|Chris Capuano Goes to New York Yankees||Connelly’s Top Ten: Weekend Here Again||Rob Gronkowski Cleared to Play for Patriots||Dustin Pedroia grants wish of 12-year old boy|
The New York Yankees might be heavily reliant on a long ball driven offense, but when they receive starting pitching like they did on Sunday night from Hiroki Kuroda against the Red Sox, the combination goes a long way towards success. The Red Sox were unable to figure out Kuroda, with two solo shots from Ichiro Suzuki highlighting the Yankees offense in a 4-1 loss to conclude a disappointing 4-6 road trip.
This sounds familiar: Josh Beckett was roughed up by the Yankees, despite showing good stuff at times through his six innings of work. Beckett (5-11) allowed all four runs on seven hits and three walks, while striking out three. The two big blasts were the titanic home runs by Ichiro, though the Yankees took a 2-0 lead prior on an RBI double and a run scored on a wild pitch uncorked by Beckett.
Ichiro has been a successful component for the Yankees since his departure from Seattle, hitting over .300 with New York in 26 games. The outfielder has also homered three times with the Yankees, after hitting just four in nearly 100 games for the Mariners. Derek Jeter was also a force for the Yankees against Beckett, scoring the first two runs and collecting three hits.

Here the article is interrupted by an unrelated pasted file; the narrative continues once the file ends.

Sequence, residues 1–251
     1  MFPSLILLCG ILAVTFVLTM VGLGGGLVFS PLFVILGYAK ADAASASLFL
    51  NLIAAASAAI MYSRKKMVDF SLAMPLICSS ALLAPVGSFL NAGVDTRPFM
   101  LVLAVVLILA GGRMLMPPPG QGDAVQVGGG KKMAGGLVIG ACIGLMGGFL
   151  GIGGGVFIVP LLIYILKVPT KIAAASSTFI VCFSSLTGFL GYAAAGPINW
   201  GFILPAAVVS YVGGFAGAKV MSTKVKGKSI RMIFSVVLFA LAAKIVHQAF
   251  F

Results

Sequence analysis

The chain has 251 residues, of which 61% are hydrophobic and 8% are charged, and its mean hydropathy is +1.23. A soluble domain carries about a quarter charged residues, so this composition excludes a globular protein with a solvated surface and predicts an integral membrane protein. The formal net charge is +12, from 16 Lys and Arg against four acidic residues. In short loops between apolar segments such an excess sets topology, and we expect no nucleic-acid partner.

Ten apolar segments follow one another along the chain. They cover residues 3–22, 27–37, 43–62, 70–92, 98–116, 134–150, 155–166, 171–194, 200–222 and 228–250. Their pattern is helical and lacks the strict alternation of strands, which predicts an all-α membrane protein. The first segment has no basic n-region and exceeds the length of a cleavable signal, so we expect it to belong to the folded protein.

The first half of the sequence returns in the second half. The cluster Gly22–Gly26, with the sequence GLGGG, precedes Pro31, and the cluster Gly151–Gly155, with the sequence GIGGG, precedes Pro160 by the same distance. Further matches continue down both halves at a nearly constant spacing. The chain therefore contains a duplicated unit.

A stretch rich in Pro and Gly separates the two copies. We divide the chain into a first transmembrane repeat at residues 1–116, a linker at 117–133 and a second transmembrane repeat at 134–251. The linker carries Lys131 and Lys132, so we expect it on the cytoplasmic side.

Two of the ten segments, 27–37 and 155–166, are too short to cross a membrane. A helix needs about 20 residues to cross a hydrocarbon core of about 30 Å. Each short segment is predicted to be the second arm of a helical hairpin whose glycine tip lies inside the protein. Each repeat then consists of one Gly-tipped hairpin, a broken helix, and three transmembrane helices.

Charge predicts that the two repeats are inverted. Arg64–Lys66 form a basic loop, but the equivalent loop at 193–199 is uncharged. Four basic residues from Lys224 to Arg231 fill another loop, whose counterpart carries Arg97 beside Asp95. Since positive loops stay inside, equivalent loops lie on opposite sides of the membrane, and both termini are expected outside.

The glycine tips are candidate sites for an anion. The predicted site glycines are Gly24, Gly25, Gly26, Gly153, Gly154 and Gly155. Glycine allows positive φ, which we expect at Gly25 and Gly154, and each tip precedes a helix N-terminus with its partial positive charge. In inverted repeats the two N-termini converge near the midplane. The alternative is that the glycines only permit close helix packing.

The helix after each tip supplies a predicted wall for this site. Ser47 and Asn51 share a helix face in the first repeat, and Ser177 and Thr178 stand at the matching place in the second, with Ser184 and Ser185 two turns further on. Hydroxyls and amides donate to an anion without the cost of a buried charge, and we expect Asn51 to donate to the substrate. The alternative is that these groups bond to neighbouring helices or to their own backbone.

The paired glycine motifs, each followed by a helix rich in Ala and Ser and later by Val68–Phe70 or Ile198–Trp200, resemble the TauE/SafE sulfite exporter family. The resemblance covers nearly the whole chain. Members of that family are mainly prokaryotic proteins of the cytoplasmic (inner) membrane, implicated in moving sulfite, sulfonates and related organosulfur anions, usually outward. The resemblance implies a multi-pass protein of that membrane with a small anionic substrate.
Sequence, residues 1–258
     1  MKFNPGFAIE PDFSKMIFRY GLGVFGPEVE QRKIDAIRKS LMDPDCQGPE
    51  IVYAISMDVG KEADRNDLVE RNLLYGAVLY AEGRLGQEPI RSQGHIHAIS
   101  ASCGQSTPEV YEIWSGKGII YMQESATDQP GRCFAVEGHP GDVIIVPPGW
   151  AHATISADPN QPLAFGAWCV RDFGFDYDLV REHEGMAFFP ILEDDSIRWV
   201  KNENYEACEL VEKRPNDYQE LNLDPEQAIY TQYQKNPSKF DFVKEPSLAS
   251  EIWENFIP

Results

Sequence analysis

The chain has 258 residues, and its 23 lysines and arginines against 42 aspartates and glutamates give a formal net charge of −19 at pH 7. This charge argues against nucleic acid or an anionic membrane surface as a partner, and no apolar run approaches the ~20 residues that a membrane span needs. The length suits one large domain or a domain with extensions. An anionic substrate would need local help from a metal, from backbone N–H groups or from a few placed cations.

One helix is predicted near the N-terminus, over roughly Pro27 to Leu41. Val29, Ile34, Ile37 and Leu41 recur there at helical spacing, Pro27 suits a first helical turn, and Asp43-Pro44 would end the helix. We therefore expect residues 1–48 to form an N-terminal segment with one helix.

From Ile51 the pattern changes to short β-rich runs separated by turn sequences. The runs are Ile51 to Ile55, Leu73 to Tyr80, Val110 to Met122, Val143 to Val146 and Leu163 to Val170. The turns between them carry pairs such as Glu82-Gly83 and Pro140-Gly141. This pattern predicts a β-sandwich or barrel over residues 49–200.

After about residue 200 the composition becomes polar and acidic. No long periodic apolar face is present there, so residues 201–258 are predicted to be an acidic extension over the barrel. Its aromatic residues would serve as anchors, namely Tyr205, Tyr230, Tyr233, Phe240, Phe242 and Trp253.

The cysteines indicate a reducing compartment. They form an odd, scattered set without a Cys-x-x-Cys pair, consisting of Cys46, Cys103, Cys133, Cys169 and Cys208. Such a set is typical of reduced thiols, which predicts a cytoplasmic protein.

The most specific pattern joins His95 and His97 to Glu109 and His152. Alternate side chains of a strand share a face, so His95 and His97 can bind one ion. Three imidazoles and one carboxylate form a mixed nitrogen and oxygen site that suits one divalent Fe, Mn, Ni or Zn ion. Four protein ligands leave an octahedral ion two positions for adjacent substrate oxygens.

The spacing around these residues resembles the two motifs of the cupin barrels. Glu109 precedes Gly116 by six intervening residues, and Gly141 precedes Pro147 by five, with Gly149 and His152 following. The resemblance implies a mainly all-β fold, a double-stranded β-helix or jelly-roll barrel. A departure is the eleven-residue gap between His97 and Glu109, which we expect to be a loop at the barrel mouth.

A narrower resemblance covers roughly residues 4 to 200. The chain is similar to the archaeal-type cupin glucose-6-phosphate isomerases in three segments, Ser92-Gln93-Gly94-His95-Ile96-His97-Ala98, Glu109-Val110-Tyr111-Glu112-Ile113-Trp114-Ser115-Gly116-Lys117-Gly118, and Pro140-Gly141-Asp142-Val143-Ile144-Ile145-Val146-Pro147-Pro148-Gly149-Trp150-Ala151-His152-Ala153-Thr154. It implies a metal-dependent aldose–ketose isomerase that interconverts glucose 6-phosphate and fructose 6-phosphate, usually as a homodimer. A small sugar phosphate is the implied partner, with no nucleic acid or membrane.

The real story for New York though was Kuroda (12-8), who pitched eight strong innings against the Sox, allowing one run on four hits while striking out four. A theme for the Boston offense remains their inability to make pitchers work and draw walks, again failing to receive a free pass from Kuroda, though he threw 75 of his 112 pitches for strikes.
The one blemish for Kuroda came in the seventh inning, when Adrian Gonzalez kept up his hot hitting with a solo shot of his own. Gonzalez is hitting .307 with 15 home runs and 85 RBI, continuing to boost his power numbers. Still, a single run was far from enough and Rafael Soriano closed out his 31st save of the year.
The long-term fate of Carl Crawford will be revealed sometime early this week, but considering a surgical procedure is a significant option it’s possible that Sunday night was Crawford’s last game of the season. In his final at bat of the night, he singled off of Soriano before being erased on a double play. Crawford is hitting .282 and has looked much more like the player Boston though they were getting before 2011.
The Red Sox have not won a series in the month of August, as they continue to slide further down the standings with a 59-63 record. Instead of worrying about the five teams in front of them in the wild card race, Boston may have to look in the rearview mirror where the Seattle Mariners are closer than they appear, just a game back of the sinking Sox. They are 7.5 games back of the second wild card spot, and 13.5 games out in the division. They open a series with the Angels back at Fenway Park on Tuesday night.